I have a similar problem, and my friend told me something that has helped me tremendously: "You're always so nice, that what sounds like bitchiness to you is still nice to everyone else." And it's likely true. When you first start speaking up, some of your friends are going to react negatively - but that's largely due to the fact that they are used to you being a pushover. Try it out in a small way - voice your opinion on a restaurant, or call someone when they are late and remind them that you are waiting. If you start small, it won't be such a shock to you and them. Also - stop listening so hard to yourself - you're the only one who is paying that much attention.
posted by The Light Fantastic at 8:23 PM on April 5, 2008 [2 favorites]

I'm just learning to get a handle on this. Being assertive is actually very simple, though not easy. It's just a matter of stating what you want. So the challenge is not learning what to say, but unlearning all of the emotional stuff that prevents you from saying it. This is closely related to self-esteem.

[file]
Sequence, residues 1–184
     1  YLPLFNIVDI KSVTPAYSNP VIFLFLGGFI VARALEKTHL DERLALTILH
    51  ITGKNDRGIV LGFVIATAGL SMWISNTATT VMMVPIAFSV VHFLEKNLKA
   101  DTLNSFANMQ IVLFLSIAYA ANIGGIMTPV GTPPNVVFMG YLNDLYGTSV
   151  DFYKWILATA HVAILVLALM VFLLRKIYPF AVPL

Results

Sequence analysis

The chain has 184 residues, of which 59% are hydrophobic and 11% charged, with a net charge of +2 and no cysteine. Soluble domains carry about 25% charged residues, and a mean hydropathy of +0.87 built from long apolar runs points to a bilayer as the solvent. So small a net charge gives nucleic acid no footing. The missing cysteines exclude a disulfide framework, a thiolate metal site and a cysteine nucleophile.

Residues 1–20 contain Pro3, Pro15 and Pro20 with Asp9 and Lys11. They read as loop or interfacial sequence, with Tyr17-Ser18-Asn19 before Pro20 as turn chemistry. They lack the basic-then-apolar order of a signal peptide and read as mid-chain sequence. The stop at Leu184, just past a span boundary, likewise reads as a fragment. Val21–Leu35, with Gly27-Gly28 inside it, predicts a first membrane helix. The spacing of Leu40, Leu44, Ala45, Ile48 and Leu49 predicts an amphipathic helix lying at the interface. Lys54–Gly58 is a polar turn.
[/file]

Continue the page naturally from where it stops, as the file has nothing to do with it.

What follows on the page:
It's kind of like when "low-talkers" try to speak at a "normal" volume. To the low-talker, it might sound like they're yelling, even though to everyone else they'll sound normal. You're used to being so sensitive about everyone else's feelings, so being direct might seem mean or bitchy to you, but I assure you that (as I'm learning), being assertive is the most normal thing in the world.

Check out How To Be An Adult. Good luck!
posted by mpls2 at 8:25 PM on April 5, 2008 [2 favorites]

This book is written from a Christian perspective, but there is a LOT of good, practical stuff in there about exactly the issues you are having.
posted by clh at 8:32 PM on April 5, 2008

The book of NO by Susan Newman (link is to a book review of it) might be helpful. She gives example scenarios where you might be inclined to just put up with someone treating you as a doormat, and then she walks you through a little script for how you can say "no" firmly but not in a mean way.
posted by LobsterMitten at 9:03 PM on April 5, 2008

Crucial Conversations and Crucial Confrontations.
posted by mendel at 9:13 PM on April 5, 2008

As a young child, I was taught to use "I statements" to communicate my feelings. We didn't like conflict in our family either, but we tried to avoid it not by suppressing our feelings or thoughts, but by expressing them in ways that were honest expressions of what was going on with us, not as attacks on the other person (this was the theory; it didn't always work; apparently normal parents and kids with ADD sometimes don't communicate with each other in helpful ways).